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Bush Has Responsibility to Protect Salmon

by Jan Hasselman
The News Tribune, March 13, 2005

60% of Idaho's spring/summer chinook and 90% of fall chinook are lost in reservoirs on the Lower Snake River The phone-book-sized document has generated considerable controversy since its release a few months ago. Underneath all the technical analysis and legal jargon, the plan embodies a deeply radical change in how the federal government interprets its duty to protect endangered salmon in the Pacific Northwest.

The administration’s plan is divisive, fiscally irresponsible and, if it stands up in court, might ultimately doom the Columbia’s once-great salmon runs – and the communities that rely on them – to the history books.

The Endangered Species Act requires the government to prepare the plan, which is technically called a “biological opinion” (or “BiOp” for short), because wild salmon and steelhead in the Columbia Basin are threatened with extinction. The BiOp is supposed to analyze how well salmon are doing and how the government should operate its hydroelectric dams without contributing to further declines. In the past, BiOps on the Columbia River have acknowledged that recovering salmon and steelhead is going to take an enormous amount of work and big changes in the way we use the dams. In fact, the last BiOp completed in 2000 acknowledged that the best way to recover Snake River stocks was to remove four dams in the lower part of the Snake River.

A federal judge threw out that plan in 2003. He ruled that the plan was illegal because it relied on speculative habitat improvements to bridge the enormous gap between the species’ needs and the impacts of the dams.

Instead of addressing the judge’s concerns, however, the Bush administration’s latest version of the BiOp radically reinterprets key provisions of the law to arrive at their preferred outcome. In other words, rather than try to get the ball into the end zone, as the law requires, the administration simply moved the end zone toward the ball.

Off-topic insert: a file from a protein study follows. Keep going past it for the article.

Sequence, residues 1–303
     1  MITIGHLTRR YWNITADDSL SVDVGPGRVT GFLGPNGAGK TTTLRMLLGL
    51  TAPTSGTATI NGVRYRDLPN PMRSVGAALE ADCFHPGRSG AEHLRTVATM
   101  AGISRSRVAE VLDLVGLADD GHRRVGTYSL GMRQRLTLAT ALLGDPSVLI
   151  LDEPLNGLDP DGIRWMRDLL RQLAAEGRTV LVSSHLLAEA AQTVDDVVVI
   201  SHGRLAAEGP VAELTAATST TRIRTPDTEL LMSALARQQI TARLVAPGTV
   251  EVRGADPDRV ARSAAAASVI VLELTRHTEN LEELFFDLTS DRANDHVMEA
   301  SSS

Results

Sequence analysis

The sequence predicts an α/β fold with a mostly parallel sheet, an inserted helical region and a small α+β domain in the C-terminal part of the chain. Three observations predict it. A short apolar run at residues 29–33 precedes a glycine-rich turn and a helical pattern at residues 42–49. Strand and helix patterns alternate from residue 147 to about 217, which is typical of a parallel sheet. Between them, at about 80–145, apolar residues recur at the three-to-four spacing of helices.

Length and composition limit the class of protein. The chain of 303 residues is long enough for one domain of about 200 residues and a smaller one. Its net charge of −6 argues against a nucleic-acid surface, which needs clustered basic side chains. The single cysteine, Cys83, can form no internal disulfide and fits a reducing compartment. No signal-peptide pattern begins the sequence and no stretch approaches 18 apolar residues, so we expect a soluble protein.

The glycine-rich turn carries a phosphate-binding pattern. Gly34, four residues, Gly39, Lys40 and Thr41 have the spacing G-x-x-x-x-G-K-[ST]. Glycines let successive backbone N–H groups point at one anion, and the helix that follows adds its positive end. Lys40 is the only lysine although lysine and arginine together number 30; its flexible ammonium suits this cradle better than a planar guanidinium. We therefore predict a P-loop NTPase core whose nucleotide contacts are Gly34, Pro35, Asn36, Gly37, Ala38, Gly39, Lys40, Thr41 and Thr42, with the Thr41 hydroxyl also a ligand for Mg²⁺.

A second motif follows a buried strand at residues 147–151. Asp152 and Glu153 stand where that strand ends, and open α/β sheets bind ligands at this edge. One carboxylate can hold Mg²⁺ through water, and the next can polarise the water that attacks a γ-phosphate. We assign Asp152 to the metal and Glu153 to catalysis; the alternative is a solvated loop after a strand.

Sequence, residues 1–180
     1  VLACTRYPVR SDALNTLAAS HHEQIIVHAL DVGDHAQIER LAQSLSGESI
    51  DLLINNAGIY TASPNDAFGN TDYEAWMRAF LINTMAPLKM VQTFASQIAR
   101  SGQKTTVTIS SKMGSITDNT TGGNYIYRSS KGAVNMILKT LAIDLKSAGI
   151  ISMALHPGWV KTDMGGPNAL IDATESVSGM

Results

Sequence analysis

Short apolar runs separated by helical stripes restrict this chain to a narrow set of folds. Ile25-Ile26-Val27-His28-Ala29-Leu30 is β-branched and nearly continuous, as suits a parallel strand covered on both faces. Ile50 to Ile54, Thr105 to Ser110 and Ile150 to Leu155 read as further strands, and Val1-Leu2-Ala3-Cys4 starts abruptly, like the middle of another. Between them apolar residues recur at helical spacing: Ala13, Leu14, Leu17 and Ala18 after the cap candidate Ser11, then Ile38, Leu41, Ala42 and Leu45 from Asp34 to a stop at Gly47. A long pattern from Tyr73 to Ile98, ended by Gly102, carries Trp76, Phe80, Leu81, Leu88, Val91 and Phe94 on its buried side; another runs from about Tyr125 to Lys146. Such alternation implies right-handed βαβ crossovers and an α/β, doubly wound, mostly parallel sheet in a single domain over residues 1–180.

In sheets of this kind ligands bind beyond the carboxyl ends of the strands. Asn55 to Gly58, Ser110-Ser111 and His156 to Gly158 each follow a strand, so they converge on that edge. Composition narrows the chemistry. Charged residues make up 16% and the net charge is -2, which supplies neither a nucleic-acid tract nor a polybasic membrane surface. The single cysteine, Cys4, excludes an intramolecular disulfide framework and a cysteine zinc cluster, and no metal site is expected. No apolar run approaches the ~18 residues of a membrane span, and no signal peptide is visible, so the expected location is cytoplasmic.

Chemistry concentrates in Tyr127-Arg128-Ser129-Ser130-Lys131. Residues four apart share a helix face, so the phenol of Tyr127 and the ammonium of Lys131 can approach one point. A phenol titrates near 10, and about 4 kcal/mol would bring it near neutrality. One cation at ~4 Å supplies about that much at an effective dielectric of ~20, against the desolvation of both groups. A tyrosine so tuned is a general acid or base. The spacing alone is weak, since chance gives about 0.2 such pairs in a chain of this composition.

In order to sidestep the requirements of the Endangered Species Act, the administration claimed that the law applies only to actions where a federal agency has virtually unfettered control. It further argued that it lacked such control over nearly all of its actions on the Columbia and Snake, such as power generation, flood control and water withdrawals for irrigation.

In other words, the BiOp concludes that the vast majority of federal agency activities in the Columbia are simply not covered by the law, and can proceed without regard to their impacts. So even though the dams kill up to 90 percent of some salmon stocks, the new BiOp claims that this isn’t their concern any longer.

When a draft of the document was released this fall, jaws fell open in amazement. The Nez Perce Tribe, for example, called the plan an “incredible step backward” that violated the law as well as federal treaties. The Washington Department of Fish and Wildlife called it a “radical departure” that could “destabilize the region politically and economically.”

More than 600 business owners from across the nation, deeply worried about the economic impacts of further salmon declines, wrote a letter to the president blasting the plan and asking him to withdraw it. So did more than 250 top scientists and 102 U.S. representatives from both parties, and 85,000 citizens wrote the agencies and urged them to abandon this irrational new approach. The State of Oregon was so concerned by the Bush plan that it joined the salmon advocates’ lawsuit to have it overturned.

The document is back in front of a federal judge, and he will have to decide whether this approach violates the law. However, for the people of this region, it will take more than a court ruling to ease the sting of the administration’s abandonment of Pacific Northwest salmon runs.

The plan essentially tells the people of this region that the federal government is no longer going to be accountable for its actions, and that if we want salmon in our rivers and streams, we’ll have to figure out how to put them there ourselves.

Instead of dealing with the No. 1 killer of salmon – dams – we might have to restrict property rights, ratchet down even harder on recreational and commercial fishing, and increase our reliance on risky hatchery Band-Aids.

Instead of getting salmon recovered and off the endangered species list, the approach embodied in the BiOp condemns them to a future of permanent listing or even extinction.

Salmon advocates have a vision for an environmentally and economically thriving Snake River Basin. It includes a package of investments in renewable energy, efficient transportation and partial removal of four low-value dams. The Bush administration also has a vision of sorts, one that includes walking away from the problem.

We think that restoring salmon and recovering the communities that rely on them is the better choice.

Related Pages:
Are Dams Here to Stay? by Scott Levy, Idaho Mountain Express, 1/5/5l
Survival of Downstream Migration data from NOAA Fisheries, 12/21/00

Jan Hasselman is an attorney for the National Wildlife Federation in Seattle.
Bush Has Responsibility to Protect Salmon
The News Tribune, March 13, 2005

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